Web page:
A landmark case is one that is studied because it has historical and legal significance. The most significant cases are those that have had a
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A landmark case is one that is studied because it has historical and legal significance. The most
significant cases are those that have had a lasting effect on the application of a certain law, often
concerning individual rights and liberties.
For this assignment, you will write a case brief of one landmark case. A case brief is not a long
narrative, but rather a concise document that includes specific information.
Instructions: Look up one landmark case. State the name of the case, the year it was decided, and the
court that decided it. In your own words, briefly summarize 1) the facts of the original case, 2) the
legal questions that brought the case to the higher court, 3) the outcome, and 4) what makes it a
Use the following headings in your brief:
â€¢ Facts of Original Case
â€¢ Legal Questions
â€¢ Outcome (decision)
â€¢ What makes it a Landmark Case
Your assignment must be typed and double-spaced.
Please see the example below and use it as a guide for format and content of your case brief.
Maryland v King, 2013, United States Supreme Court
Facts of Original Case: Alonzo King was arrested and charged with assault. Per Maryland state law, a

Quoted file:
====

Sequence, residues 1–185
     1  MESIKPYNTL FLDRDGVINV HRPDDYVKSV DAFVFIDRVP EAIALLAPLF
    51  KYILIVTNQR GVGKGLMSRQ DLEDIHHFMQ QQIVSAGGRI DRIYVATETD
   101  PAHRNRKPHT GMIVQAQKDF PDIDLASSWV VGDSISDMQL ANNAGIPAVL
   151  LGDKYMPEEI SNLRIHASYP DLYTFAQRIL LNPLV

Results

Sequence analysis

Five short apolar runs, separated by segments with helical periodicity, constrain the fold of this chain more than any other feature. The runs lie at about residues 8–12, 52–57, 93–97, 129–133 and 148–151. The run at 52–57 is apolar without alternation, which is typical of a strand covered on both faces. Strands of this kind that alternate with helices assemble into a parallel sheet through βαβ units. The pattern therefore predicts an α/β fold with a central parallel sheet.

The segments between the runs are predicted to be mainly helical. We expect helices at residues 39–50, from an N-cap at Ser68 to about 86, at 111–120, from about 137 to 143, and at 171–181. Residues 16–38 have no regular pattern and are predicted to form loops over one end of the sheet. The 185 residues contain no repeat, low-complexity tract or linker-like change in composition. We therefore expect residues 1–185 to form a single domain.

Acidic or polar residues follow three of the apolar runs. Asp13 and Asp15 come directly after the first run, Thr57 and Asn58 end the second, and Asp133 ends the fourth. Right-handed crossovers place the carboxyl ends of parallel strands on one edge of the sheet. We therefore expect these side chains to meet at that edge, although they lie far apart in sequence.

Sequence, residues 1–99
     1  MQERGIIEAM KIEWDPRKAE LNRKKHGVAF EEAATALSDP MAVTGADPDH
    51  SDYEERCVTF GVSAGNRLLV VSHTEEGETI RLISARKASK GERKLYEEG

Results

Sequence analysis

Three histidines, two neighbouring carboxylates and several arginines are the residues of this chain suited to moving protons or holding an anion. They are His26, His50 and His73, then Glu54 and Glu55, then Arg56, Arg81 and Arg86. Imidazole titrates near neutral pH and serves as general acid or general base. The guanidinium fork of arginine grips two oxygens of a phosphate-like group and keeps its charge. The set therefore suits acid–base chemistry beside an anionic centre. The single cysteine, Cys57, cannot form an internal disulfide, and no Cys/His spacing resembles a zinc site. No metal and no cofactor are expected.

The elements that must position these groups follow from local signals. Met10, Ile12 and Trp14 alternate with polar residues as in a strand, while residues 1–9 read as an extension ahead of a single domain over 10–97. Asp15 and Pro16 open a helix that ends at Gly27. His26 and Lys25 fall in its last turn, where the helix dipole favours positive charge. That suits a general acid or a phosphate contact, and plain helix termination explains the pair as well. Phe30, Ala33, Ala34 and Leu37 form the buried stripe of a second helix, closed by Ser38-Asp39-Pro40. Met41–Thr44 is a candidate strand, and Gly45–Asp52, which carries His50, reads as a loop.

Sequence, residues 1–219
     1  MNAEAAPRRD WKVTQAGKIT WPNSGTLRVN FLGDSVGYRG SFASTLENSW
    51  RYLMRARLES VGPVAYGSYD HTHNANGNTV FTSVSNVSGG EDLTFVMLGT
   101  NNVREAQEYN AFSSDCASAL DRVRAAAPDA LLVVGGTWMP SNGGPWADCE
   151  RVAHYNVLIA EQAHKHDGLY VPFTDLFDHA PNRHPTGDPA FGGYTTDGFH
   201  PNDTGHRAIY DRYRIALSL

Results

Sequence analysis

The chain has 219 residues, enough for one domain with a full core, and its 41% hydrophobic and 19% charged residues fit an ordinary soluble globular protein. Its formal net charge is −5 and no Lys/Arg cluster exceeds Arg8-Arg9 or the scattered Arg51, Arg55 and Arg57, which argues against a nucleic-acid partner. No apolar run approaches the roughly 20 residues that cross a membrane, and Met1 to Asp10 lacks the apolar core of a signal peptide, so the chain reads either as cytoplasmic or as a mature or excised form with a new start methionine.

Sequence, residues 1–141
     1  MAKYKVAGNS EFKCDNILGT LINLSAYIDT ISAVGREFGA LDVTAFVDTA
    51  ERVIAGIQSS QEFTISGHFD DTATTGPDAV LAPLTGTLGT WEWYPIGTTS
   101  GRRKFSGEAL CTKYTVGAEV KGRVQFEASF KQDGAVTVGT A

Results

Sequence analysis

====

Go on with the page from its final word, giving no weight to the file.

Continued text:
buccal swab of Kingâ€s cheek was taken on arrest, and a DNA profile was generated and entered into
CODIS. A subsequent search in CODIS hit on an unidentified DNA sample from a rape case six years
prior. King was charged with the rape and found guilty.
Legal Questions: On appeal, Kingâ€s attorney asserted that the search and seizure of Kingâ€s DNA
violated his 4th Amendment right, and that the police had no probable cause to suspect him of having
committed any crime other than the assault he was originally charged with. He won the appeal. The
state of Maryland then appealed to the US Supreme Court (USSC), who accepted this case because it
dealt with several important legal and Constitutional questions: Does the 4th Amendment extend to
genetic privacy? Is the warrantless collection of DNA just part of the booking process, like
fingerprints? Or is it unreasonable under the 4th Amendment because it leads to, essentially, a
Outcome/Decision: The USSC overturned Kingâ€s appeal (5-4) and upheld the original verdict of guilty,
ruling that the seizure and search of DNA in not unconstitutional, and is much like the seizing and
searching of fingerprints.
What makes this a landmark case: The decision in this case validates law enforcementâ€s authority to
seize (and search) DNA from arrestees, which greatly increases their power. The decision places higher
value on public safety than individual rights, and erodes the protections of the 4th Amendment.